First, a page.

While the SVP’s anti-immigrant campaigns, including calls to ban minarets and expel foreign criminals, have drawn sharp criticism on the international arena including from the United Nations, the party has managed to increase its vote share in successive Swiss elections.
In 2003, the party obtained 26.6 per cent of votes case. At the last elections that improved to 28.9 per cent.
Those 1997 results were the highest for any Swiss party since the introduction of the proportional representation system in 1919, an SVP spokesman said.
Crossing the 30 per cent mark “would therefore be a new record,” he added.
The latest opinion polls showed 29.3 per cent of voters planning to back the SVP, far more than the next most popular party the Socialists, with just 19.9 per cent.
That could bolster the populist party’s case for greater cabinet representation.
Since the 1950s the seven ministerial posts have been allotted to the country’s four biggest political parties–two seats each for the centre-right Radicals, Christian Democrats and the Socialists, with the remaining seat going to the SVP.
That balance changed briefly when the SVP gained a second seat after their strong 2003 election showing.
However, one of the two SVP ministers was ousted from the party due to in-fighting, leaving it with effectively one cabinet seat again.
Ahead of the October 23 elections, the SVP has threatened to form its own coalition if it is not guaranteed a second cabinet post.
“For me it means that as the biggest party, we have the mandate to form the government,” the party’s chairman Toni Brunner told the ZentralSchweiz newspaper.
The SVP was created in 1971 from a merger between a party of farmers and sole traders and the democrats of cantons Graubuenden and Glarus.
In its nascent years, it represented primarily the interests of rural workers and smallholders, but later grew to encompass other professions.
Swiss political analyst Pascal Sciarini said the SVP is “a party that is very difficult to classify.”
“It’s a right-wing party. A liberal party from the economic point of view, and national conservative in terms of values and culture. A party that fights to safeguard Swiss sovereignty and Swiss traditions,” he noted.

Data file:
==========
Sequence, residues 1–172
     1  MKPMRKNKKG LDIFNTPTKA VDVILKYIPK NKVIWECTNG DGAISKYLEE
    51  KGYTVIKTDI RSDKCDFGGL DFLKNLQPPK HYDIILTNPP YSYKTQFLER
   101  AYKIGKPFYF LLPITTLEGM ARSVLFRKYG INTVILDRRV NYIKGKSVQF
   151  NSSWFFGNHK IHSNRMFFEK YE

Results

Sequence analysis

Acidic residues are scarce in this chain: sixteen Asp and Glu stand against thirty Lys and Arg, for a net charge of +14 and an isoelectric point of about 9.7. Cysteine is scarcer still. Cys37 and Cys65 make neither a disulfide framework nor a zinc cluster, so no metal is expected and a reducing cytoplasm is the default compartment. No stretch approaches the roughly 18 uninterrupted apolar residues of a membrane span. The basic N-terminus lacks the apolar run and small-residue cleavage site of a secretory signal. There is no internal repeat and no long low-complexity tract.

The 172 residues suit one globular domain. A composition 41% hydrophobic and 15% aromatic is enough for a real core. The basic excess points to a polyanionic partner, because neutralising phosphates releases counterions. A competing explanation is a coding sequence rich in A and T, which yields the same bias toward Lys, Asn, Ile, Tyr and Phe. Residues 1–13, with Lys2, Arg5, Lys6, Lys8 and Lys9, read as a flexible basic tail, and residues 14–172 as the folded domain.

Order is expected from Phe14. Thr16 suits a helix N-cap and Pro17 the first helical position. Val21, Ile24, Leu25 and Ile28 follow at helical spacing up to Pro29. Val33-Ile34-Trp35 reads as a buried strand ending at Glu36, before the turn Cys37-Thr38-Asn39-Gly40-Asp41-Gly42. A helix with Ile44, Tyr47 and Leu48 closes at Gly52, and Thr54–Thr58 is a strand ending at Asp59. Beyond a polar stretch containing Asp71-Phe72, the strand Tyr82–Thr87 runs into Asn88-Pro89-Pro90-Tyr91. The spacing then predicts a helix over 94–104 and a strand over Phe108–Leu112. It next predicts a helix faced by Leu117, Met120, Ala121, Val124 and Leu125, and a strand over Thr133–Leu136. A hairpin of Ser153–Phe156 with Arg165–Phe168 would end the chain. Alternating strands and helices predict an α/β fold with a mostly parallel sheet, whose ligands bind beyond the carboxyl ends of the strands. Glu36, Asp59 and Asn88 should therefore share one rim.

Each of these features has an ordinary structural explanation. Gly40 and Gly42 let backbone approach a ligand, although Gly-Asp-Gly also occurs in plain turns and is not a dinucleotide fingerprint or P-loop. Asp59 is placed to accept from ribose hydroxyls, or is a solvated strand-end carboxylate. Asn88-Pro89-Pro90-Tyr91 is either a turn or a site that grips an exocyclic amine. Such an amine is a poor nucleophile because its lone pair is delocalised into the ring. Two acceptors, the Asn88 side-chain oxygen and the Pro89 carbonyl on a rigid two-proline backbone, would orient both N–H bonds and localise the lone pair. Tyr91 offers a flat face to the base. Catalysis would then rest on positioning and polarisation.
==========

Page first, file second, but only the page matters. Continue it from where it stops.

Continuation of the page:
Members of the party are often “very conservative, very nationalist, certainly xenophobic,” said Sciarini.
It is best known for its anti-immigration platform.
Bankrolled by billionaire industrialists such as the party’s former leader Christoph Blocher, the SVP has stirred up controversy with its campaigns.
During the previous election campaigns, its posters of three white sheep kicking a black sheep off the Swiss flag prompted the UN expert on racism to call for its withdrawal.
Its subsequent referendum campaign depicting a burka-clad woman against a background of minaret-like missiles sticking out of the Swiss flag also drew an outcry.
Immigration remains a key plank of its current campaign.
Posters depicting the legs of men wearing suits marching across the Swiss flag with the slogan “That’s enough. Stop mass immigration!” have been plastered across the country’s main train stations and town centres.
The party has also taken out newspaper advertising recounting crimes perpetuated by foreigners.
In one titled “Kosovar man shoots social benefits office chief,” the party describes a 59-year-old man who shot his wife who wanted to divorce him, before killing the head of the social benefits office, because “he had received too little financial help.”
According to official data, over one in five (22.9 per cent) of inhabitants here is a foreigner.
Just six days before the polls, the party claims to have gathered enough support to push for a referendum to “stop mass immigration.” If adopted, it could require Switzerland to review its free movement of people treaty with the European Union.
“This result proves that the population considers unlimited immigration to be a serious problem and it wants to give back Switzerland the means to control immigration,” said the party.